TypeError: can only concatenate list (not "int") to list

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Borislav Hadzhiev

Last updated: Apr 20, 2022

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TypeError: can only concatenate list (not "int") to list #

The Python "TypeError: can only concatenate list (not "int") to list" occurs when we try to concatenate a list and an integer. To solve the error, use the append() method to add an item to the list, e.g. my_list.append(123).

typeerror can only concatenate list not int to list

Here is an example of how the error occurs.

main.py
my_list = [1, 2, 3] my_int = 4 # ⛔️ TypeError: can only concatenate list (not "int") to list result = my_list + my_int

We tried to use the addition (+) operator to add an item to a list which caused the error.

You can use the append() method to add an item to a list.

main.py
my_list = [1, 2, 3] my_int = 4 my_list.append(my_int) print(my_list) # 👉️ [1, 2, 3, 4]

The list.append() method adds an item to the end of the list.

The method returns None as it mutates the original list.

Alternatively, you can wrap the integer in a list if you'd prefer to use the addition (+) operator.

main.py
my_list = [1, 2, 3] my_int = 4 result = my_list + [my_int] print(result) # 👉️ [1, 2, 3, 4]

However, using the append() method is much more common.

Conversely, if you need to remove an item from a list, use the remove() method.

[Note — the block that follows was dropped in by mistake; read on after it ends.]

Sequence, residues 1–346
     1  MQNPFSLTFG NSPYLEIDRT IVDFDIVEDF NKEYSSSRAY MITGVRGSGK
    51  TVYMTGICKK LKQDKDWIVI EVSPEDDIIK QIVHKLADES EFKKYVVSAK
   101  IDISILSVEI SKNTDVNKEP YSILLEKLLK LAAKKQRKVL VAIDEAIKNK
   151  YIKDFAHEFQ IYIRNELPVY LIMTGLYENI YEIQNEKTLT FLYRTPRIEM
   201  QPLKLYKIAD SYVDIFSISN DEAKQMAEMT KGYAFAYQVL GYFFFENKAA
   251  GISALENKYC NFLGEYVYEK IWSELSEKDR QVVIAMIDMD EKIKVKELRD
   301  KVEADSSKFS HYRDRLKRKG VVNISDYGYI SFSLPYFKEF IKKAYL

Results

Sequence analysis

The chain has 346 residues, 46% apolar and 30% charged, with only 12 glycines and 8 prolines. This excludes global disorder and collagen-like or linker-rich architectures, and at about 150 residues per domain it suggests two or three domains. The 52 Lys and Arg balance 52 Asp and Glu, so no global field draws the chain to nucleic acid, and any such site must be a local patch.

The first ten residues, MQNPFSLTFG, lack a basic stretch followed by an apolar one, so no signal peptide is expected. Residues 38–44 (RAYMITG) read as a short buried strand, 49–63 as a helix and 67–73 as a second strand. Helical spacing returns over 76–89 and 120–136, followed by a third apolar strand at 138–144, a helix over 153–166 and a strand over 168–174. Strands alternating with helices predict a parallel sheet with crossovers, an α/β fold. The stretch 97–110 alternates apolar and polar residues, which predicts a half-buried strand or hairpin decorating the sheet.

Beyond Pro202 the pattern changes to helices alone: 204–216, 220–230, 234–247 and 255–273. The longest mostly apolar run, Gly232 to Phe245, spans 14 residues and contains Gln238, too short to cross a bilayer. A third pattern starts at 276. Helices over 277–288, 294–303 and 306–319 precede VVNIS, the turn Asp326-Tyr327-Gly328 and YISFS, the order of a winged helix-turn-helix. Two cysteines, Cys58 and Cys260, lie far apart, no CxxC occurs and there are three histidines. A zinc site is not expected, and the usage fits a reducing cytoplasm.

main.py
my_list = [1, 2, 3] my_int = 3 my_list.remove(my_int) print(my_list) # 👉️ [1, 2]

The list.remove() method removes the first item from the list whose value is equal to the passed in argument.

The method raises a ValueError if there is no such item.

The remove() method mutates the original list and returns None.

If you meant to add a specific item in the list to an integer, access the item at its index using square brackets.

main.py
my_list = [1, 2, 3] my_int = 3 result = my_list[0] + 3 print(result) # 👉️ 4

We accessed the list item at index 0 and added it to the integer stored in the my_int variable.

If you aren't sure what type a variable stores, use the built-in type() class.

main.py
my_list = [1, 2, 3] print(type(my_list)) # 👉️ <class 'list'> print(isinstance(my_list, list)) # 👉️ True my_int = 3 print(type(my_int)) # 👉️ <class 'int'> print(isinstance(my_int, int)) # 👉️ True

The type class returns the type of an object.

The isinstance function returns True if the passed in object is an instance or a subclass of the passed in class.

Conclusion #

The Python "TypeError: can only concatenate list (not "int") to list" occurs when we try to concatenate a list and an integer. To solve the error, use the append() method to add an item to the list, e.g. my_list.append(123).

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